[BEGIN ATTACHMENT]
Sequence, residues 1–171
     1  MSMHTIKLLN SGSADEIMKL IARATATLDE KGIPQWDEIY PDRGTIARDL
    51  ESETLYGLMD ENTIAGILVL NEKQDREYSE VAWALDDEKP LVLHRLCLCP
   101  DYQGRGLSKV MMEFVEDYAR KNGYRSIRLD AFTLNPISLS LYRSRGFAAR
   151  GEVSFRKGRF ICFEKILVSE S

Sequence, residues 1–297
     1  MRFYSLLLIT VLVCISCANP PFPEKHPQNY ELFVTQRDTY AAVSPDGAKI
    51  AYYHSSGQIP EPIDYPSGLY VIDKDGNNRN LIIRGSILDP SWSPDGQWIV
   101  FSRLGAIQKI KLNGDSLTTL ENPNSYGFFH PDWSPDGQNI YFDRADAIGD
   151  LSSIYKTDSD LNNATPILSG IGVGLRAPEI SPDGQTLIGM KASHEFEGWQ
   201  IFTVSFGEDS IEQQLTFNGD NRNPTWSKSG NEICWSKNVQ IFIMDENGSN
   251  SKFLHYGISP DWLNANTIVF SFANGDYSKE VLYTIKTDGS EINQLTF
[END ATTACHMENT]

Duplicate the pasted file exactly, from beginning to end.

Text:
Sequence, residues 1–171
     1  MSMHTIKLLN SGSADEIMKL IARATATLDE KGIPQWDEIY PDRGTIARDL
    51  ESETLYGLMD ENTIAGILVL NEKQDREYSE VAWALDDEKP LVLHRLCLCP
   101  DYQGRGLSKV MMEFVEDYAR KNGYRSIRLD AFTLNPISLS LYRSRGFAAR
   151  GEVSFRKGRF ICFEKILVSE S

Sequence, residues 1–297
     1  MRFYSLLLIT VLVCISCANP PFPEKHPQNY ELFVTQRDTY AAVSPDGAKI
    51  AYYHSSGQIP EPIDYPSGLY VIDKDGNNRN LIIRGSILDP SWSPDGQWIV
   101  FSRLGAIQKI KLNGDSLTTL ENPNSYGFFH PDWSPDGQNI YFDRADAIGD
   151  LSSIYKTDSD LNNATPILSG IGVGLRAPEI SPDGQTLIGM KASHEFEGWQ
   201  IFTVSFGEDS IEQQLTFNGD NRNPTWSKSG NEICWSKNVQ IFIMDENGSN
   251  SKFLHYGISP DWLNANTIVF SFANGDYSKE VLYTIKTDGS EINQLTF